McVeigh aspired to join the United States Army Special Forces (SF). After returning from the Gulf War, he entered the selection program, but withdrew on the second day of the 21-day assessment and selection course for the Special Forces, telling other recruits that he had injured an ankle. However, in a letter to his superiors, McVeigh wrote that he was not "physically ready".[24] McVeigh decided to leave the Army and was honorably discharged in 1991.[25]

Post-military life

McVeigh wrote letters to local newspapers complaining about taxes. In 1992, he wrote: Template:Quote

McVeigh also wrote to Representative John J. LaFalce (D–New York),[26] complaining about the arrest of a woman for carrying mace: Template:Quote

McVeigh later moved in with Nichols to Nichols’ brother James’ farm around Decker, Michigan.[27] While visiting friends, McVeigh reportedly complained that the Army had implanted a microchip into his buttocks so that the government could keep track of him.[8] McVeigh worked long hours in a dead-end job and felt that he did not have a home. He sought romance, but his advances were rejected by a co-worker and he felt nervous around women. He believed that he brought too much pain to his loved ones.[28] He grew angry and frustrated at his difficulties in finding a girlfriend. He took up obsessive gambling.[29] Unable to pay gambling debts, he took a cash advance and then defaulted on his repayments. He began looking for a state with low taxes so that he could live without heavy government regulation or high taxes. He became enraged when the government told him that he had been overpaid $1,058 while in the Army and he had to pay back the money. He wrote an angry letter to the government, saying: Template:Quote

McVeigh introduced his sister to anti-government literature, but his father had little interest in these views. He moved out of his father's house and into an apartment that had no telephone. This made it impossible for his employer to contact him for overtime assignments. He quit the National Rifle Association (NRA), believing that it was too weak on gun rights.[30]

1993 Waco siege and gun shows

In 1993, McVeigh drove to Waco, Texas, during the Waco siege to show his support. At the scene, he distributed pro-gun rights literature and bumper stickers bearing slogans such as, "When guns are outlawed, I will become an outlaw." He told a student reporter:


For the five months following the Waco siege, McVeigh worked at gun shows and handed out free cards printed with Lon Horiuchi's name and address, "in the hope that somebody in the Patriot movement would assassinate the sharpshooter." Horiuchi is an FBI sniper and some of his official actions have drawn controversy, specifically his shooting and killing of Randy Weaver's wife while she held an infant child. McVeigh wrote hate mail to Horiuchi, suggesting that "what goes around, comes around". McVeigh later considered putting aside his plan to target the Murrah Building to target Horiuchi or a member of his family instead.[31]

McVeigh became a fixture on the gun show circuit, traveling to forty states and visiting about eighty gun shows. He found that the further west he went, the more anti-government sentiment he encountered, at least until he got to what he called "The People's Socialist Republic of California."[32] McVeigh sold survival items and copies of The Turner Diaries. One author said: Template:Quote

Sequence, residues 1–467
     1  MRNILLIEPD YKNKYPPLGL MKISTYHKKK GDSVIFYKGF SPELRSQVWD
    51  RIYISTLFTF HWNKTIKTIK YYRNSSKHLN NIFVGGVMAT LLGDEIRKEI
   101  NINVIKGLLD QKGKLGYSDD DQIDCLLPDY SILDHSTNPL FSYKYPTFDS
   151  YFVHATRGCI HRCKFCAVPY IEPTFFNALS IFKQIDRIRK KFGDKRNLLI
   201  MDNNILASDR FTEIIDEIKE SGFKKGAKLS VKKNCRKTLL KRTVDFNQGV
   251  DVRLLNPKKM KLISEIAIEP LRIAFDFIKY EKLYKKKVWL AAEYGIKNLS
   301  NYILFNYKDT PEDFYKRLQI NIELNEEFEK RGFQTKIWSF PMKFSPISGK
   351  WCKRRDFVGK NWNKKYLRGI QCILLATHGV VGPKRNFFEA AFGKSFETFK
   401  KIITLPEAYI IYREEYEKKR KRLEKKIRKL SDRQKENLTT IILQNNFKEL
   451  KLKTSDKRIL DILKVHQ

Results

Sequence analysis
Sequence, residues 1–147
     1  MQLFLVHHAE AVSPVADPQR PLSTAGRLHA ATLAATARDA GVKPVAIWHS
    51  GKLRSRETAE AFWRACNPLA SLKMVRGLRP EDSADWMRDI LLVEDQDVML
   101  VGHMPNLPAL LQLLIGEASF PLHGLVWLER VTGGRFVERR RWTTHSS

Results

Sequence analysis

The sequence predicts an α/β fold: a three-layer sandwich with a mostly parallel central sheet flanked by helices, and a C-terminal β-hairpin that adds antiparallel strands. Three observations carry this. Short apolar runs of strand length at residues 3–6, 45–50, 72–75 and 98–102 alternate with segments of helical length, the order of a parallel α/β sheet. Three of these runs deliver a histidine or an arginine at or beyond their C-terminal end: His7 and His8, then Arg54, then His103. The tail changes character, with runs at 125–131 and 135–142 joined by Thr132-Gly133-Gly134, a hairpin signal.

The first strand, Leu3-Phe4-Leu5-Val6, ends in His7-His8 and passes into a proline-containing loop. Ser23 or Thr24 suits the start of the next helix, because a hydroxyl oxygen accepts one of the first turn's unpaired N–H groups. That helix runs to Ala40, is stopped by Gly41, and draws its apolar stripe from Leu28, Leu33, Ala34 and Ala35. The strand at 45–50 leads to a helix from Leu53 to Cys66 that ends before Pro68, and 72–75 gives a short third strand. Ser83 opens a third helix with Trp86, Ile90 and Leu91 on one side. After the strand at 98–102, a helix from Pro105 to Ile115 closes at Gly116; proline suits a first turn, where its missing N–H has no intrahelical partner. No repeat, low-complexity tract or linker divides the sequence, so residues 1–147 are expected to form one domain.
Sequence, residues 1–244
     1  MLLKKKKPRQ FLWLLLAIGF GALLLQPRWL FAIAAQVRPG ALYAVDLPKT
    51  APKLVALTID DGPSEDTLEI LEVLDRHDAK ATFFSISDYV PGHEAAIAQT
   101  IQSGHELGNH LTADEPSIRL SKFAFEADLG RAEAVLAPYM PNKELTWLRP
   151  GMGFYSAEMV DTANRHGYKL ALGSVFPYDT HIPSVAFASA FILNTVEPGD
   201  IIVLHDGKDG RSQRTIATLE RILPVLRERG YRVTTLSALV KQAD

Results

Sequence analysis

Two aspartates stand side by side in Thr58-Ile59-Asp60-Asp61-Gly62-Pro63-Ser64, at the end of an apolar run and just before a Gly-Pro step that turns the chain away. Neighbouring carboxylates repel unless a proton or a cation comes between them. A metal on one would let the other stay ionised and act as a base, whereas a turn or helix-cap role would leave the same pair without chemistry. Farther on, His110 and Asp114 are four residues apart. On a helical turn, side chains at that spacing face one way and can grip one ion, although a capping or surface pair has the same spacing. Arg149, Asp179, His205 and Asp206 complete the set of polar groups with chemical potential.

Arizona with Fortier

McVeigh had a road atlas with hand-drawn designations of the most likely places for nuclear attacks and considered buying property in Seligman, Arizona, which he determined to be in a "nuclear-free zone." He lived with Michael Fortier in Kingman, Arizona, and the two became so close that he served as best man at Fortier's wedding. McVeigh experimented with cannabis and methamphetamine after first researching their effects in an encyclopedia.[33] He was never as interested in drugs as Fortier was, and one of the reasons they parted ways was that McVeigh grew tired of Fortier's drug habits.[34]

With Nichols, Waco siege, and radicalization

In April 1993, McVeigh headed for a farm in Michigan where former roommate Terry Nichols lived. In between watching coverage of the Waco siege on TV, Nichols and his brother began teaching McVeigh how to make explosives by combining household chemicals in plastic jugs. The destruction of the Waco compound enraged McVeigh and convinced him that it was time to take action. He was particularly angered by the government's use of CS gas on women and children; he had been exposed to the gas as part of his military training and was familiar with its effects. The disappearance of certain evidence,[35] such as the bullet-riddled steel-reinforced front door to the complex, led him to suspect a cover-up.

McVeigh's anti-government rhetoric became more radical. He began to sell Bureau of Alcohol, Tobacco, Firearms and Explosives (ATF) hats riddled with bullet holes, and a flare gun that he said could shoot down an "ATF helicopter".[5][36] He produced videos detailing the government's actions at Waco and handed out pamphlets with titles such as "U.S. Government Initiates Open Warfare Against American People" and "Waco Shootout Evokes Memory of Warsaw '43." He began changing his answering machine greeting every couple of weeks to various quotes by Patrick Henry, such as "Give me liberty or give me death."[37] He began experimenting with making pipe bombs and other small explosive devices. The government imposed new firearms restrictions in 1994 which McVeigh believed threatened his livelihood.[34]